Global perspective Human stories

‘COVID-19 doesn’t discriminate, but societies do’, say women frontliners

Dr Rokhiatou Babio (left) is one of the few women in Benin who spearheads a medical team on the frontline to save human lives from the coronavirus pandemic.
© Aboudou Souleymane
Dr Rokhiatou Babio (left) is one of the few women in Benin who spearheads a medical team on the frontline to save human lives from the coronavirus pandemic.

‘COVID-19 doesn’t discriminate, but societies do’, say women frontliners


Women doctors and scientists on the frontlines of the global battle against COVID-19 have revealed how the pandemic has exposed gender gaps in both access to healthcare and professional development in their fields. 

Dr. Roopa Dhatt, Executive Director of Women in Global Health, and two scientists who have developed COVID-19 vaccines – Professor Sarah Gilbert of Oxford University and Dr. Özlem Türeci of German company BioNTech, one of the vaccine pioneers – were guest speakers at the bi-weekly briefing by the World Health Organization (WHO) held on Monday, International Women’s Day

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WHO chief Tedros Adhanom Ghebreyesus said the pandemic has disproportionately affected women, who have faced challenges ranging from rising violence, to higher levels of unemployment.  And although women make up the majority of health workers globally, or 70 per cent, they only account for a quarter of those in leadership roles. 

Last month, the UN agency launched the Gender Equal Health Initiative whose objectives include boosting the proportion of women health leaders, promoting equal pay, and ensuring safe and decent working conditions for health workers, which includes having access to personal protective equipment (PPE) and vaccines. 

Inequality at the table 

Dr. Dhatt, a physician in the United States, spoke of her “rollercoaster” year treating COVID-19 patients while also working to expand her organization and manage duties at home.   

She warned that the fundamental flaws and inequalities which the pandemic has exposed must be resolved urgently before the next global crisis. 

“The extraordinary work done by women in the health and care workforce in this pandemic has not earned them an equal seat at the decision-making table, and as a result, we have all lost out on their talent and expertise”, she said. 

Although proud of her contributions, Dr. Dhatt said like many health professionals, she felt furious that richer nations were not prepared for the pandemic “even though it was not unexpected”. 

She was also angry that her sickest patients tend to be black or Latina “and this is not new”, she said, adding “COVID-19 does not discriminate, but societies do.” 

Pandemic hits career prospects 

Professor Gilbert from Oxford University in the United Kingdom previously worked on vaccines for influenza, Ebola and MERS, which was also caused by a coronavirus.

She acknowledged women’s “enormous contribution” during COVID-19, including in comprising two-thirds of the team that developed the Oxford/AstraZeneca vaccine.   

“However, of the senior positions in the team, only one-third are women”, she said, emphasizing that more needs to be done so that women can progress in the field and other disciplines.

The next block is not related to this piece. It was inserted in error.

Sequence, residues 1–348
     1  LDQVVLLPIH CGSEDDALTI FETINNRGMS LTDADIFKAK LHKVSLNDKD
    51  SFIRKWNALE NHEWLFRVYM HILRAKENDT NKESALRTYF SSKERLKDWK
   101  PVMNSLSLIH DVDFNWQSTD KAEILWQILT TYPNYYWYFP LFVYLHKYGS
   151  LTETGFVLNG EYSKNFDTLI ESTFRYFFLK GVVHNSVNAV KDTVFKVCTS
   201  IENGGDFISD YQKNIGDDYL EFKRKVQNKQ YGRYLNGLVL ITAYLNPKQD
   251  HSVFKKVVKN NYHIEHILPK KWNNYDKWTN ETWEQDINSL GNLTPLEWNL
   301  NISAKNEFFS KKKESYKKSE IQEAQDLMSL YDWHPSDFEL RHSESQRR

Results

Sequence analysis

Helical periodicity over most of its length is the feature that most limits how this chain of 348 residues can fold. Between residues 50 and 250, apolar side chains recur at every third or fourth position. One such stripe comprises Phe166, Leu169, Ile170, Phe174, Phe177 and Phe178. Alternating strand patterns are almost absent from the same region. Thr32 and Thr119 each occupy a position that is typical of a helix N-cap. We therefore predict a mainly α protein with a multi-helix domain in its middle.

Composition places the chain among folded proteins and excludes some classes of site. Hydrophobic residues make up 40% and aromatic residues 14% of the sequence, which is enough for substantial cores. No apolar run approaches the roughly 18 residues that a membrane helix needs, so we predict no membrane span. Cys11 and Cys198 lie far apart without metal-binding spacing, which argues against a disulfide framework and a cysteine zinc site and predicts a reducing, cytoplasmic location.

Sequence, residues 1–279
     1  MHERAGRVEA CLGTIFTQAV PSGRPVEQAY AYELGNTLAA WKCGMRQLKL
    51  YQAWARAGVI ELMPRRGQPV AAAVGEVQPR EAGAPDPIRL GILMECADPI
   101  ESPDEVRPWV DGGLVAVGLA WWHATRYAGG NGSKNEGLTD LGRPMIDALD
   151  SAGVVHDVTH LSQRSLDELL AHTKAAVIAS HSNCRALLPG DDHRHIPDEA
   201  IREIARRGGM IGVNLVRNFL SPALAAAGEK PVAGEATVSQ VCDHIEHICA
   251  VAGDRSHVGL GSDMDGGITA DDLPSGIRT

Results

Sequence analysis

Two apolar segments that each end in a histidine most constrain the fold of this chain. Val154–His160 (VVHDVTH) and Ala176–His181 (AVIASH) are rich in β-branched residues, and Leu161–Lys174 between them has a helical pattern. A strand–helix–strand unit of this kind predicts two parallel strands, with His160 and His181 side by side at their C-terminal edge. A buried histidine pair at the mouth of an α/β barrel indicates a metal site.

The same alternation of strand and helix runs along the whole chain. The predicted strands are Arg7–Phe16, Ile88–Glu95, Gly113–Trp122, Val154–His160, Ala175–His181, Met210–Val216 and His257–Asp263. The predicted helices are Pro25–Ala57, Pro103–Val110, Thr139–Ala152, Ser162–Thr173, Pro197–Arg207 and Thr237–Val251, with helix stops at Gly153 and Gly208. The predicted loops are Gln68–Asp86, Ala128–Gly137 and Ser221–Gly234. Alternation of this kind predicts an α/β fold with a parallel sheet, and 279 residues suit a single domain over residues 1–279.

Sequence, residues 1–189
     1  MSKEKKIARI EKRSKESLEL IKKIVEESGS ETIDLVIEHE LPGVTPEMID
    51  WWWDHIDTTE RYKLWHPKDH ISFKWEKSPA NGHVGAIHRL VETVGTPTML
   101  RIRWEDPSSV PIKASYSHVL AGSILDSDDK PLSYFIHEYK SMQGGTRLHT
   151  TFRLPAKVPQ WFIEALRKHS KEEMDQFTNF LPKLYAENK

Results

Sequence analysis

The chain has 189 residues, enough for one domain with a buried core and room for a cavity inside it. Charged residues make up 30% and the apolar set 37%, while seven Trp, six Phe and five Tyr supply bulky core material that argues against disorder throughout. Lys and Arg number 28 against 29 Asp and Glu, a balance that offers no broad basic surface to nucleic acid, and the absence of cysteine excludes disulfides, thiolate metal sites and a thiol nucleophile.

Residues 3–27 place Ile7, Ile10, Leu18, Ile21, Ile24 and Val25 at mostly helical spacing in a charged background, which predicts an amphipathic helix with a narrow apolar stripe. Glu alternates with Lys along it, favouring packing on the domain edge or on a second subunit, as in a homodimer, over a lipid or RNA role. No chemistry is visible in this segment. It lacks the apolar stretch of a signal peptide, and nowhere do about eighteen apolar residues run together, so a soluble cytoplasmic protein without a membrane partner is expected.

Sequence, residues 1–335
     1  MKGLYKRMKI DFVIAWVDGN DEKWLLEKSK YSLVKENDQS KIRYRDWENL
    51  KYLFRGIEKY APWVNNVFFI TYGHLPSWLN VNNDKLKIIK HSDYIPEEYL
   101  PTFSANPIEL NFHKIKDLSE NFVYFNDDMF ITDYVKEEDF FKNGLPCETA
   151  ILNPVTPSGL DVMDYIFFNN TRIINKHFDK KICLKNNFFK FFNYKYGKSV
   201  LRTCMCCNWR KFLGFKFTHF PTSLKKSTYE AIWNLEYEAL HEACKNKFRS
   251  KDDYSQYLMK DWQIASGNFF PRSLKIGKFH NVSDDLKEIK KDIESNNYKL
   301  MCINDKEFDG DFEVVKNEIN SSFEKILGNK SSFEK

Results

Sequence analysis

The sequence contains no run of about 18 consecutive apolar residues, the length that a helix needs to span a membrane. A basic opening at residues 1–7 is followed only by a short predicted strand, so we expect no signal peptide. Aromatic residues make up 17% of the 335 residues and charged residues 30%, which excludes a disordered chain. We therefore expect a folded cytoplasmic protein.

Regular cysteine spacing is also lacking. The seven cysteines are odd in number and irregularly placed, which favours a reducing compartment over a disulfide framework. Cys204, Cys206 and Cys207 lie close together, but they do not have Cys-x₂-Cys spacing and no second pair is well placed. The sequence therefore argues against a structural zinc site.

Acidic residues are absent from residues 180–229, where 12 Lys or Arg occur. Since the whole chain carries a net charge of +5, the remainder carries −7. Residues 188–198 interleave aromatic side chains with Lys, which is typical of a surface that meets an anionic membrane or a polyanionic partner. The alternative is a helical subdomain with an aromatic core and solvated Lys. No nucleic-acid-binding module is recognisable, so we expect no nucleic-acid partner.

“There are concerns that the pandemic has had more of an effect on the careers and livelihood of women than men, and as we begin to make our plans for recovery, we must not neglect this,” she stated.  

Professor Gilbert reported on the Oxford/AstraZeneca vaccine’s effectiveness in protecting older populations, but pointed to the work ahead in assessing its ability against COVID-19 variants.  Preparations are being made to update the vaccine, if necessary. 

Increase vaccine partnerships 

“As vaccinations are rolled out around the world, with the most vulnerable being protected first, we need to continue to monitor virus transmission and apply all available measures to reduce it to protect those not yet vaccinated and reduce the chances of new variants arising”, she recommended.  

“And to increase the amount of vaccine doses that can be delivered across the world, I encourage vaccine manufacturers to form new partnerships in diverse geographical locations to manufacture, fill and distribute vaccines that are already approved.” 

As a self-described “wanderer between three worlds” – medicine, immunology and entrepreneurship, Dr. Türeci has witnessed lack of gender equality “every day”. 

‘Making the seemingly impossible, possible’ 

But things are different at BioNTech, the company she co-founded with her husband, Professor Uğur Şahin, as women make up 54 per cent of employees and nearly half of the top management. 

“We like to think that being a gender-balanced team has been critical for making the seemingly impossible possible: to develop the COVID-19 vaccine within 11 months without shortcuts,” she said. 

The BioNTech vaccine, developed with pharmaceutical giant Pfizer, was the first-ever authorized for use.  Together with the Oxford/AstraZeneca vaccine, it is part of the UN-backed COVAX initiative that is working to make inoculation accessible to all people everywhere. 

As more vaccines come on stream, Dr. Türeci underscored the goal of achieving herd immunity, or widescale population protection, through equitable rollout worldwide. 

 “'Mission Herd Immunity’ means that no one will be safe until everyone is safe: across genders, ethnicities, economies and nations”, she said, outlining the need for collective action in areas such as ramping up vaccine production, improving supply chains and securing funding.